It is the city’s lung, and contains a number of important buildings such as the Plaza de España and Plaza de America and the Mudejar Pavilion, now home to the Museum of Arts and Traditions of Sevilla.
The park contains many groves of trees, artificial lakes, fountains and plazas decorated with the typical azulejo tiles of Seville. The Fountain of the Lions, the Island of Ducks and the Lotus Pond are particularly beautiful.
With its combination of nature and art, the park is a wonderful place to take children, who love to feed the pigeons in the Plaza de America, just as I did when I was young. You can even make your visit in a horse and carriage, the perfect way to see this majestic corner of Seville!
13. Plaza de españa
Suggested by Alvaro Carmona Contreras, tour guide at Monumental Sevilla
The Plaza de España is without doubt one of the most unique and spectacular sights in Spain.
Originally created for the Ibero-American Exposition of 1929, it was designed by Aníbal González, in the so called Neo-Mudejar (Moorish Revival) style, taking structural and ornamental inspiration from the great Mudéjar palaces built in Seville during medieval times.
It features brick, coffered wooden ceilings, Roman style columns and ceramics hand painted by local artisans. Along the main facade plaza are a series of alcoves, all magnificently decorated with ceramic tiles, representing each of the 48 Spanish provinces, from Álava through to Zaragoza.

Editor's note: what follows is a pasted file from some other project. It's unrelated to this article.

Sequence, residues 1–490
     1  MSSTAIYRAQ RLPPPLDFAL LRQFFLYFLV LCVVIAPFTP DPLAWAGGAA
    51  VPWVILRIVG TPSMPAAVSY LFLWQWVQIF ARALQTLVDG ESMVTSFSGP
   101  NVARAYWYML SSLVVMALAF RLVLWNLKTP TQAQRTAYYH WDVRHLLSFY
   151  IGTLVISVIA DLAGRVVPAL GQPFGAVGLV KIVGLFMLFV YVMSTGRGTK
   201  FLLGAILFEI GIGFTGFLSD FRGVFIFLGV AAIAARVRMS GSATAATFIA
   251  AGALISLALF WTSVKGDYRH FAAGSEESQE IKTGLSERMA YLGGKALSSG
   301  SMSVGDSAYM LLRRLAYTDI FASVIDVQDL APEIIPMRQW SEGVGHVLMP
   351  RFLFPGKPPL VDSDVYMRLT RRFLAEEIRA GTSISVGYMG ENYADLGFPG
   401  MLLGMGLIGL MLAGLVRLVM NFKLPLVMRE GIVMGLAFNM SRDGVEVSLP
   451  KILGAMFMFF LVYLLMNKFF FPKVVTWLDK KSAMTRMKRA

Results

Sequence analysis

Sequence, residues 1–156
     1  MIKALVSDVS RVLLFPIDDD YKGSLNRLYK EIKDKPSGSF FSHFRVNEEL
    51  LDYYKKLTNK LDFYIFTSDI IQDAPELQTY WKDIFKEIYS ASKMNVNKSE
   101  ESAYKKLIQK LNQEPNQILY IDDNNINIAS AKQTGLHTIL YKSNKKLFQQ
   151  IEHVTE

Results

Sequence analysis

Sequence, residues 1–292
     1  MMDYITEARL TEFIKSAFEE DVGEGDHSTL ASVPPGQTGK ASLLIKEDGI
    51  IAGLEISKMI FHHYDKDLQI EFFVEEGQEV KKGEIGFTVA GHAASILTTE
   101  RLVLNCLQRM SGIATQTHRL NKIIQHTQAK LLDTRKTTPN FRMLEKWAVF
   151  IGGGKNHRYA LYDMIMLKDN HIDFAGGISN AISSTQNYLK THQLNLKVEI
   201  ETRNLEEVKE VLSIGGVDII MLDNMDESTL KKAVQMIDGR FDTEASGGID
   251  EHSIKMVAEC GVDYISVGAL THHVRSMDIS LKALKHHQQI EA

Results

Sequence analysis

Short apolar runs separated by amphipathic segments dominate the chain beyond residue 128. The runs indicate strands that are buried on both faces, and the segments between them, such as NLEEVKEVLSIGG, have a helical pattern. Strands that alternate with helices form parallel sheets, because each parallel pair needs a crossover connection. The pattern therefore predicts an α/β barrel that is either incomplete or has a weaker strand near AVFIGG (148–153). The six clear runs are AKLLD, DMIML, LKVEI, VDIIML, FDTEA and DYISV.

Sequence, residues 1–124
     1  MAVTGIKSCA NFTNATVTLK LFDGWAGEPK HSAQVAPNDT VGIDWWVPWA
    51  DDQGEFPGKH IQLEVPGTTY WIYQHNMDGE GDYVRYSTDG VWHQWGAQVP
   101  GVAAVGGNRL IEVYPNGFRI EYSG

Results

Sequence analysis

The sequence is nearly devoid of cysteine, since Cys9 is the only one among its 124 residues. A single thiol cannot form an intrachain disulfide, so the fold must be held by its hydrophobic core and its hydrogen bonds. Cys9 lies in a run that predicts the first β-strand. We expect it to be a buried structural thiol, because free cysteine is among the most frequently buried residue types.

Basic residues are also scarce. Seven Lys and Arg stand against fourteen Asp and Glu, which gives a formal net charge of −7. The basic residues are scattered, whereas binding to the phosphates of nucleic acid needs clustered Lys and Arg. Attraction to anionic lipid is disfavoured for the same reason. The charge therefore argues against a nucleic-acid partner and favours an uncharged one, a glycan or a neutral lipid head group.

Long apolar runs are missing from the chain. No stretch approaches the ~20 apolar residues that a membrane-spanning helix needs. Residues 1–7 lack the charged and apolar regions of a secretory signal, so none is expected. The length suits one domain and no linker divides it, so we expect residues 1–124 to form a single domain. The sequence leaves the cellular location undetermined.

From the balconies, visitors can enjoy an unforgettable view of the plaza enclosed within the great Maria Luisa Park. You can also hire a boat and row across the canal that runs around the perimeter.
There are currently campaigns underway to have the Plaza designated a UNESCO world heritage site, an honour which would be much deserved
14. CASA DE PILATOS
Suggested by the Love of Spain team.
Just like the city of Seville itself, the Casa de Pilatos is a bewitching blend of styles and influences. Building first began in the 16th century, but continued over hundreds of years, combining Renaissance, Mudéjar and Gothic elements in a way that created the template for the Andalusian palace.
It’s the perfect retreat for when you need to escape from the hot Seville afternoon. Find a bench in the cool of its magnificent marble courtyard and admire the craftsmanship of the elegant Mudéjar arches, the brilliant multicoloured azulejo tiles that cover the walls.
Then head out into its heavenly gardens, sit within ear shot of a fountain and breathe in the unmistakable scent of Sevilla in bloom – the bougainvillea, Spanish jasmine, wisteria and roses.
Where: Plaza de Pilatos, 1, 41003 Sevilla.